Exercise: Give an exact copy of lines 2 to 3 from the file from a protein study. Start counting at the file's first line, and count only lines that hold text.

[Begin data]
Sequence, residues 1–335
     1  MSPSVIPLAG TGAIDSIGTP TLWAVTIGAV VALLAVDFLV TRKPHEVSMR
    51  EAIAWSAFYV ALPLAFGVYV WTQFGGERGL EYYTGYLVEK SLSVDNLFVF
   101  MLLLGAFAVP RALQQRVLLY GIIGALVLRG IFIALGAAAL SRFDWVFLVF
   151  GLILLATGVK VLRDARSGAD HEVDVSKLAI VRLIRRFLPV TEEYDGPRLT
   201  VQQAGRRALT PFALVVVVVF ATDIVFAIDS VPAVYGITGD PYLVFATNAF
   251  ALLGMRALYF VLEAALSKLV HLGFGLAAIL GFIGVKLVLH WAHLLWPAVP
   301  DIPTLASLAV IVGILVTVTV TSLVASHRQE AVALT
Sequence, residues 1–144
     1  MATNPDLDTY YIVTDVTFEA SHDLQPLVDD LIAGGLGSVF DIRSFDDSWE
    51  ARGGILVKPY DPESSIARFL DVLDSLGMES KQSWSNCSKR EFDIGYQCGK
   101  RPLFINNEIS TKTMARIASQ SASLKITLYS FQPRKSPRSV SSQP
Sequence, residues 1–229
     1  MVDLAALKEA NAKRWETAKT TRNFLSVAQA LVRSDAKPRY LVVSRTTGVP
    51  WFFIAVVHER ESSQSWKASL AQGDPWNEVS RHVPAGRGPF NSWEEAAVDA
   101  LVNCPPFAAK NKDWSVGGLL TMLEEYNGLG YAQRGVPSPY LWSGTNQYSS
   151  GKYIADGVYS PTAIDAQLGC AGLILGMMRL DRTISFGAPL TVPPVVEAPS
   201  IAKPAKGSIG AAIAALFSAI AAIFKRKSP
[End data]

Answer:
     1  MSPSVIPLAG TGAIDSIGTP TLWAVTIGAV VALLAVDFLV TRKPHEVSMR
    51  EAIAWSAFYV ALPLAFGVYV WTQFGGERGL EYYTGYLVEK SLSVDNLFVF